Section 2.3 Algebraic Solution of Systems
Subsection 2.3.1 Substitution Method
You are probably familiar with the substitution method for solving a system of equations. Here is a summary of the steps for solving a system by substitution.
To Solve a System by Substitution.
Choose one of the variables in one of the equations. (It is best to choose a variable whose coefficient is \(1\) or \(1\text{.}\)) Solve the equation for that variable.
Substitute the result of Step 1 into the other equation. This gives an equation in one variable.
Solve the equation obtained in Step 2. This gives the solution value for one of the variables.
Substitute this value into the result of Step 1 to find the solution value of the other variable.
Example 2.3.1.
Staci stocks two kinds of sleeping bags in her sporting goods store, a standard model and a downfilled model for colder temperatures. From past experience, she estimates that she will sell twice as many of the standard variety as of the downfilled. She has room to stock 84 sleeping bags at a time. How many of each variety should Staci order?
We begin by choosing variables for the unknown quantities.
We write two equations about the variables.
We will solve this system using substitution. Notice that the first equation is already solved for \(x\) in terms of \(y\text{.}\) We substitute \(\alert{2y}\) for \(x\) in the second equation to obtain
Solving for \(y\text{,}\) we find \(y=\alert{28}\text{.}\) Finally, substitute this value into the first equation to find
The solution to the system is \(x = 56\text{,}\) \(y = 28\text{.}\) Staci should order 56 standard sleeping bags and 28 downfilled bags.
Checkpoint 2.3.2. QuickCheck 1.
Checkpoint 2.3.3. Practice 1.
Follow the suggested steps to solve the system by substitution:

Step 1
Solve the second equation for \(x\) in terms of \(y\text{.}\)
\(x=\)

Step 2
Substitute your expression for \(x\) into the first equation.
\(3y 2 \large(\)\({\large)} =3\)

Step 3
Solve the equation you got in Step 2.
\(y=\)

Step 4
You now have the solution value for \(y\text{.}\) Substitute that value into your result from Step 1 to find the solution value for \(x\text{.}\)
\(x=\)
As always, you should check that your solution values satisfy both equations in the system.
The solution to the system is (Give the solution as an ordered pair.)
\(2y2\)
\(2y2\)
\(1\)
\(0\)
\(\left(0,1\right)\)
Follow the suggested steps to solve the system by substitution:

Step 1
\(x={2y2}\)

Step 2
\(3y 2 \large({2y2}{\large)} =3\)

Step 3
\(y={1}\)

Step 4
\(x={0}\)
The solution to the system is \({\left(0,1\right)}\)
Subsection 2.3.2 Elimination Method
A second algebraic method for solving systems is called elimination. As with the substitution method, we obtain an equation in a single variable, but we do it by eliminating one of the variables in the system. We must first put both equations into the general linear form \(Ax + By = C\text{.}\)
Example 2.3.4.
Solve the system
First, we rewrite each equation in the form \(Ax + By = C\text{.}\)
We add the equations together by adding the left side of the first equation to the left side of the second equation, and then adding the two right sides together, as follows:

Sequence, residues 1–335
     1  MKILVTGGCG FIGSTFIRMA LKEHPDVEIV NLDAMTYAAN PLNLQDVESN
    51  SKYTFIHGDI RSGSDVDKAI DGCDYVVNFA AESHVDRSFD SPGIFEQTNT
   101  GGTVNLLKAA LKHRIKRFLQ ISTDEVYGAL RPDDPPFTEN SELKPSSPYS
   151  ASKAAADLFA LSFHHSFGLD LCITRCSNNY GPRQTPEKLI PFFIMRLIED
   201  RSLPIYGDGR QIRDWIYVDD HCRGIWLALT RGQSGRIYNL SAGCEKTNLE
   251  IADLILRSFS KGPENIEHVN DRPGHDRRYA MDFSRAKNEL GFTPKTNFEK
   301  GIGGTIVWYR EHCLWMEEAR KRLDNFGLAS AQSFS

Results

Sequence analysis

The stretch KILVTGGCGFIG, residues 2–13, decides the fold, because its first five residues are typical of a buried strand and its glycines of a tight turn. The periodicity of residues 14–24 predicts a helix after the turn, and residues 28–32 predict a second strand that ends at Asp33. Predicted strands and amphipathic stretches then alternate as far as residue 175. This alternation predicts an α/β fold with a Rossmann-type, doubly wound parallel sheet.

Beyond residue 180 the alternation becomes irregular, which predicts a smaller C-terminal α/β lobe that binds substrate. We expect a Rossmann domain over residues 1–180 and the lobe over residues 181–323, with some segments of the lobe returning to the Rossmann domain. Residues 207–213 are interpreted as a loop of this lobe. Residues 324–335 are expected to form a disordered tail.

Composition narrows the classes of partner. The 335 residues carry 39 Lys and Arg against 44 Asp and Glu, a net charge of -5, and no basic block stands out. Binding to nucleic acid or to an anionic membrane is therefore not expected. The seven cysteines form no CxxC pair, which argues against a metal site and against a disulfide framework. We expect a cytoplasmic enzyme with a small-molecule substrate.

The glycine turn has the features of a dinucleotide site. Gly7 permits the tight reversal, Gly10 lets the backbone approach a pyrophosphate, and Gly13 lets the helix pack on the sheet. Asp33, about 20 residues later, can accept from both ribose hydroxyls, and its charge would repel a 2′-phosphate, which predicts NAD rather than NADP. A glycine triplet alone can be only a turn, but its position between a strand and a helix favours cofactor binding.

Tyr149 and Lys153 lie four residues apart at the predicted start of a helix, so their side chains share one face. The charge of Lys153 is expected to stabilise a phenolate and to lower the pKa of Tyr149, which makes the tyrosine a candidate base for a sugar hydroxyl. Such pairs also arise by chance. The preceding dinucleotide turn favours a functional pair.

Note that the \(y\)terms canceled, or were eliminated. Solving the new equation, \(8x = 40\text{,}\) we find that \(x = 5\text{.}\) We are not finished yet, because we must still find the value of \(y\text{.}\) We can substitute our value for \(x\) into either of the original equations, and solve for \(y\text{.}\) We'll use the second equation, \(3x+2y=19\text{:}\)
Thus, the solution is the point \((5,2)\text{.}\)
Checkpoint 2.3.5. QuickCheck 2.
In order to use the elimination method, in what form should you write the equations?
Pointslope form
Slopeintercept form
General linear form
Coordinate form
In the previous Example, the elimination method worked because the coefficients of \(y\) in the two equations were opposites, \(2\) and \(2\text{.}\) This caused the \(y\)terms to cancel out when we added the two equations together. What if the coefficients of neither \(x\) nor \(y\) are opposites? Then we must multiply one or both of the equations in the system by a suitable constant. Consider the system
We can eliminate the \(y\)terms if we multiply each term of the second equation by \(\alert{3}\text{,}\) so that the coefficients of \(y\) will be opposites:
Be careful to multiply each term by \(3\text{,}\) not just the \(y\)term. We can now replace the second equation by its new version to obtain this system:
Checkpoint 2.3.6. Practice 2.
Follow the suggested steps to solve the system

Step 1
Add the equations together.
\({}={}\)

Step 2
Solve the resulting equation for \(x\text{.}\)
\(x=\)

Step 3
Substitute your value for \(x\) into either original equation and solve for \(y\text{.}\)
\(y=\)

Step 4
Check that your solution satisfies both original equations.
The solution to the system is (Give the solution as an ordered pair.)
\(5x\)
\(10\)
\(2\)
\(5\)
\(\left(2,5\right)\)

Step 1
\({5x}={10}\)

Step 2
\(x={2}\)

Step 3
\(y={5}\)

Step 4
\begin{equation*} \begin{aligned} 4({2})+3({5}) \amp = 7\\ 9({2})3({5}) \amp = 3 \end{aligned} \end{equation*}The solution to the system is \({\left(2,5\right)}\)
Checkpoint 2.3.7. QuickCheck 3.
When we add a multiple of one equation to the other we are making a linear combinationof the equations. The method of elimination is also called the method of linear combinations. Sometimes we need to multiply both equations by suitable constants in order to eliminate one of the variables.